Hard Skills Versus Soft Skills

After being in the freelance market for the past two months (and still not being able to land a job), I had a realization that was difficult to swallow:

While I had developed my soft skills, my hard skills were so raw that they were not ready to help possible clients. 

When you're a freelancer, you can grow your practice or your business using your soft skills. But, in order to start your freelance practice, you need hard skills. 

My soft skills are good (though I hope they are great), but my hard skills are not good enough to cater to a client's simplest need. 

You may be wondering, what are hard skills and soft skills?

In my own words, hard skills are the skills that get things done. They are the skills that enable you to directly create something of value. They are the skills required in the traditional jobs we know of. 

Examples of hard skills are programming, accounting, designing, selling, supporting customers through voice or text, painting, drawing, and so many others. The key here is that these hard skills directly create value. 

On the other hand, soft skills are the skills that make the process of getting things done easier. 

Examples of soft skills are leadership, communications, building relationships, organizing, and so on. These skills add value albeit indirectly. 

The problem was that when I began my career in accounting and finance, I focused on developing my soft skills. I wasn't able to develop my hard skills to the point that I can use them by myself to cater to clients' needs. I only learned parts of a complete service or a complete solution. In order to serve clients’ needs, I always had to work in a team.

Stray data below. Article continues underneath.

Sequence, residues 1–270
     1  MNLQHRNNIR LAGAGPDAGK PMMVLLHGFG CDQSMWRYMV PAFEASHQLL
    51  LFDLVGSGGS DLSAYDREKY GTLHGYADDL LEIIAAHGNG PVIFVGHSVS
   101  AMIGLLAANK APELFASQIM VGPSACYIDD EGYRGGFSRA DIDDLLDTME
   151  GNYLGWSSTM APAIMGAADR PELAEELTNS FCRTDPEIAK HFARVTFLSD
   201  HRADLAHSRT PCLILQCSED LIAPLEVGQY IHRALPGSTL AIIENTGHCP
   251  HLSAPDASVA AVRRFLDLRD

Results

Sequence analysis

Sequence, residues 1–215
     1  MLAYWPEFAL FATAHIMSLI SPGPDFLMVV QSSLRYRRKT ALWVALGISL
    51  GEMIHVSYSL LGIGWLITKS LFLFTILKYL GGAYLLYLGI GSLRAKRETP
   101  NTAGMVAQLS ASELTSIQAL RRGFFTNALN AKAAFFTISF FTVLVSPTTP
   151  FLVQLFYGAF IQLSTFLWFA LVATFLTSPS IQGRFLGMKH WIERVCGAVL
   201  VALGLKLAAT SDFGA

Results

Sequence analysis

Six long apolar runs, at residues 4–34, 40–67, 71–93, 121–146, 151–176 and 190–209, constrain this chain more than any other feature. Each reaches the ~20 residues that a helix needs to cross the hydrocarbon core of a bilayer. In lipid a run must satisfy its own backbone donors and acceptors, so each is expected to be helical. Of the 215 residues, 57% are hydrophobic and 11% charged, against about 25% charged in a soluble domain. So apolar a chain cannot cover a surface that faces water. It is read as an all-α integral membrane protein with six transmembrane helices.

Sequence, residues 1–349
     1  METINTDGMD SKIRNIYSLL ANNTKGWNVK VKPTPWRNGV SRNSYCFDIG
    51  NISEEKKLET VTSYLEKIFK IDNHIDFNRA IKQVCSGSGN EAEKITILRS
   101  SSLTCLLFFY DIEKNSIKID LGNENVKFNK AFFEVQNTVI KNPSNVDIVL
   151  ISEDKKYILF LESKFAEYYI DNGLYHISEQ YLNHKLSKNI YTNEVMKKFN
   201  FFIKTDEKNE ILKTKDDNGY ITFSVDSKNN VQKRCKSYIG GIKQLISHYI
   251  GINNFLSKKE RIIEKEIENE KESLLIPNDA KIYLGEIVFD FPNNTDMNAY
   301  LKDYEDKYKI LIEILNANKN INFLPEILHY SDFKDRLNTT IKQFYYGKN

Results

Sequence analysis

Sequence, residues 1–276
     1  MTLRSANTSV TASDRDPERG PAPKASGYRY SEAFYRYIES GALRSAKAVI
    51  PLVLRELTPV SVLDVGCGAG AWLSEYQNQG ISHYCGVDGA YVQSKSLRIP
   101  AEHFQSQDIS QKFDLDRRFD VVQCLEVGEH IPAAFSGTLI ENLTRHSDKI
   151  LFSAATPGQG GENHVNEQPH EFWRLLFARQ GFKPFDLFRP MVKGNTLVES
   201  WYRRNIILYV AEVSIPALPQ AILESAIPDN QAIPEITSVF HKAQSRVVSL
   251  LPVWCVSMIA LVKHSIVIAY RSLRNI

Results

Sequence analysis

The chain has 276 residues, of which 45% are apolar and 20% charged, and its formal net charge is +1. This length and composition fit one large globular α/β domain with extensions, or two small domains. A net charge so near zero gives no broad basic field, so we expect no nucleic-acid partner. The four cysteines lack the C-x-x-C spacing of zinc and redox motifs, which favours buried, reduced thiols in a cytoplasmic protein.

Then, when I decided to start a career as a freelancer, I realized that the style of writing that I was good at (or so I think) was inspirational writing. But, that type of writing is a soft skill. What's needed in the freelance writing market are technical writing, SEO, content marketing, and copywriting, among others. Those are the types of writing that get things done, sell more products, and increase the visibility of blogs and websites. Unfortunately, those are the types of writing I have yet to develop in. 

There's nothing wrong with developing your soft skills. But, if you want to start a freelance career and directly add value to your potential clients, you need to develop your hard skills first. 

Today, what I want you to do is to make a list of your hard skills. Then, think about how you can use them to serve other people's needs. That's how you start a practice. Better yet, go to the market (like Upwork) and get a feel of the skills clients actually need. 

Also, like with writing, a skill can either be soft skill or a hard skill. The key is to be more specific about your skill and ask yourself whether your skill directly or indirectly adds value to others. If it directly adds value to others or if it enables you to create something tangible, then it's a hard skill.

[Update: Should you go deep in developing your skills or should you go wide? Read the second part of this post here.]